Honor killings are the most extreme form of honor violence. While the global numbers are estimated at 5,000 women and girls who are victims of honor killings each year, there are millions of women and girls worldwide and thousands in the US who are subject to violence and abuse in an attempt to control their sexuality and protect their family’s and/or community’s “honor.” The vast majority of honor violence crimes are not detected nor reported, leaving the victims to suffer in isolation and feel they are on their own and devoid of options.
While there is work to be done in capturing information about honor violence in the US and despite the fact that it is often categorized as domestic violence or child abuse, cases have been recorded. Honor violence may decrease over time as we work to improve the integration of new immigrants, however it remains that some communities are isolated, and continue to maintain traditional gender roles and male-dominated family structures.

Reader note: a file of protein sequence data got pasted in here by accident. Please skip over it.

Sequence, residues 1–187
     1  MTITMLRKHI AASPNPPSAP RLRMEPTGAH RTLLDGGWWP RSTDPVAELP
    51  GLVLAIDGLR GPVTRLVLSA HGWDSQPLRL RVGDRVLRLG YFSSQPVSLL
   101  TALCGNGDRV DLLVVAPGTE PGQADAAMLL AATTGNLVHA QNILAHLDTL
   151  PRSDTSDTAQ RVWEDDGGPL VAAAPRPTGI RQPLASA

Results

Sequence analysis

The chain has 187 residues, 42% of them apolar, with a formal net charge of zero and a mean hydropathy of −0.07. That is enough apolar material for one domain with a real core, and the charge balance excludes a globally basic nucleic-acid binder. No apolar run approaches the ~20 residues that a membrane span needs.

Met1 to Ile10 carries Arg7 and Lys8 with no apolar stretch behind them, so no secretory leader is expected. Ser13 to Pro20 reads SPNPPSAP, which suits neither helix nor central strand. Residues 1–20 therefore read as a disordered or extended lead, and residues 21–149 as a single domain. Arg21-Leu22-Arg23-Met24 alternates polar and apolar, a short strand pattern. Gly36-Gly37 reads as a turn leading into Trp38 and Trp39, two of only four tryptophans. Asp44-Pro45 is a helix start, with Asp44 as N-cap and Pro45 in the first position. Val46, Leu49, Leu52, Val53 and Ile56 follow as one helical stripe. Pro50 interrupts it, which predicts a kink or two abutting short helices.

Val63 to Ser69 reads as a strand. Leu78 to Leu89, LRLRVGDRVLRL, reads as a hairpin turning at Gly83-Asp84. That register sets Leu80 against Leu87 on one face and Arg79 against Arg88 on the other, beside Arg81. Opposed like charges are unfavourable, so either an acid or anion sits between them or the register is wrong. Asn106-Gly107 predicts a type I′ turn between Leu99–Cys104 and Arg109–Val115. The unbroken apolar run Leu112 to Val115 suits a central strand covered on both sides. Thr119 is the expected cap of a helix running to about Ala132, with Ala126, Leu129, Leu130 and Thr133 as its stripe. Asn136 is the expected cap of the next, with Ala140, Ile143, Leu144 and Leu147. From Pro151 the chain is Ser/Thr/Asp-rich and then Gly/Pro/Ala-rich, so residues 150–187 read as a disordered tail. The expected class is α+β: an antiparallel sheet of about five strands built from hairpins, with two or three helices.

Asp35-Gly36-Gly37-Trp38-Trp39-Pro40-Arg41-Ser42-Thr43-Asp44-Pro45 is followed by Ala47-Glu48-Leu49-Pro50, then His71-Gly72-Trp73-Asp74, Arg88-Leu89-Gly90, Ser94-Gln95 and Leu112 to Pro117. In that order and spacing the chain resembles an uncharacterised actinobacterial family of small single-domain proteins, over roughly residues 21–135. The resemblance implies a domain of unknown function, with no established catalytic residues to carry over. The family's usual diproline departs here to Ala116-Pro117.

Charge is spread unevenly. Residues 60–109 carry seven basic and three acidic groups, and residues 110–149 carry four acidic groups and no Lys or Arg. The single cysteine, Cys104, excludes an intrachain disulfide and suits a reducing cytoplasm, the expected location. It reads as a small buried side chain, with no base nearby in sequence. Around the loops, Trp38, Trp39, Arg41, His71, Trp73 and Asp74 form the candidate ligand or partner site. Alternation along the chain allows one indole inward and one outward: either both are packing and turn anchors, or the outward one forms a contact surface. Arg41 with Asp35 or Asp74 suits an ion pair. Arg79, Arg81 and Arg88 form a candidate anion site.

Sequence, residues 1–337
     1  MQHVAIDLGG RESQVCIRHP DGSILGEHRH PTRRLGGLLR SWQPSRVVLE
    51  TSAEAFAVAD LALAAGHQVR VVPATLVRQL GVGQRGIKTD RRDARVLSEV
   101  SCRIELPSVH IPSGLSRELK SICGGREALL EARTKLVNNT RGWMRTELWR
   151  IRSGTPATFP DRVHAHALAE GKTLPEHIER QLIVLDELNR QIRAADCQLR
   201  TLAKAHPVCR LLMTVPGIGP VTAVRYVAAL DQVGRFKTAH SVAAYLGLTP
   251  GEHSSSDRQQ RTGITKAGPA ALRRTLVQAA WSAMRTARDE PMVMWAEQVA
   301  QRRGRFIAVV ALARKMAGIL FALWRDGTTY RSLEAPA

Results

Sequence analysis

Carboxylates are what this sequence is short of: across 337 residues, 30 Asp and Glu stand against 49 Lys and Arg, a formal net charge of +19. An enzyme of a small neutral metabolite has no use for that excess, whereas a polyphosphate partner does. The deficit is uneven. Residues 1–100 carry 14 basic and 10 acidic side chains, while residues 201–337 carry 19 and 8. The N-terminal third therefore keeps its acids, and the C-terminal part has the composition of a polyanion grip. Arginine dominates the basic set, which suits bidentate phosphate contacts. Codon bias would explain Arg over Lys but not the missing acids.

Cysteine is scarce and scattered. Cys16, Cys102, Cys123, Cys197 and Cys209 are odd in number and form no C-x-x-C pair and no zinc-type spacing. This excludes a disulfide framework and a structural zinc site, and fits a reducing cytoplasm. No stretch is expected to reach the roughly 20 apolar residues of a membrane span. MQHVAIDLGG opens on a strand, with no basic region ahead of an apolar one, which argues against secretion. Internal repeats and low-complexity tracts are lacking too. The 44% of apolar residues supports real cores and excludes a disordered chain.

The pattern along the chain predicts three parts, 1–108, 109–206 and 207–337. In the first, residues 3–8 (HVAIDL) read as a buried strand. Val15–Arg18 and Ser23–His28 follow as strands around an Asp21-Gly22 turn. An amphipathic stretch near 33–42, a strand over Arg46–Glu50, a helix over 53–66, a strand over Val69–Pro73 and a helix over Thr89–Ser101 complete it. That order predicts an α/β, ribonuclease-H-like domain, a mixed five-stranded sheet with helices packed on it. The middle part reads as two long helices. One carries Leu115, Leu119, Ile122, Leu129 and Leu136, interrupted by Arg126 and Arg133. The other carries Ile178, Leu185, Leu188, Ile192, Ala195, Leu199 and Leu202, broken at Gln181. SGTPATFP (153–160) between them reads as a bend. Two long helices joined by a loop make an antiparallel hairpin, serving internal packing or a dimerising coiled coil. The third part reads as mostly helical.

For many victims and survivors, reporting honor violence means taking a stand against their families and communities. This is incredibly difficult, and may lead to retribution and an escalation of abuse. Unfortunately, not all frontline service providers such as law enforcement, domestic violence professionals, health providers, and school administrators have received training to recognize honor violence and respond appropriately. An inappropriate response may mean putting a victim or survivor at even more risk.
The most common survivors and victims of honor violence are women and girls but that doesn’t mean that other groups are not at risk. Heterosexual men may be accused of“dishonoring” a woman or girl, in which case both may be subject to honor violence, or men suspected of homosexuality or non-conforming gender identities may be subject to honor violence from their own families and communities.
Ending honor violence will not be fast and it will not be easy. It requires a comprehensive approach and time for social change: ensuring legislation is in place to protect those at risk, training frontline service providers, teachers, and judges, empowering women and girls at risk by giving them the information and services they need, and addressing the gender norms and attitudes that place so much emphasis on controlling the sexuality of women and girls.
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What surprised you on this list? If you are engaged in preventing and ending honor violence, what would you put on this list?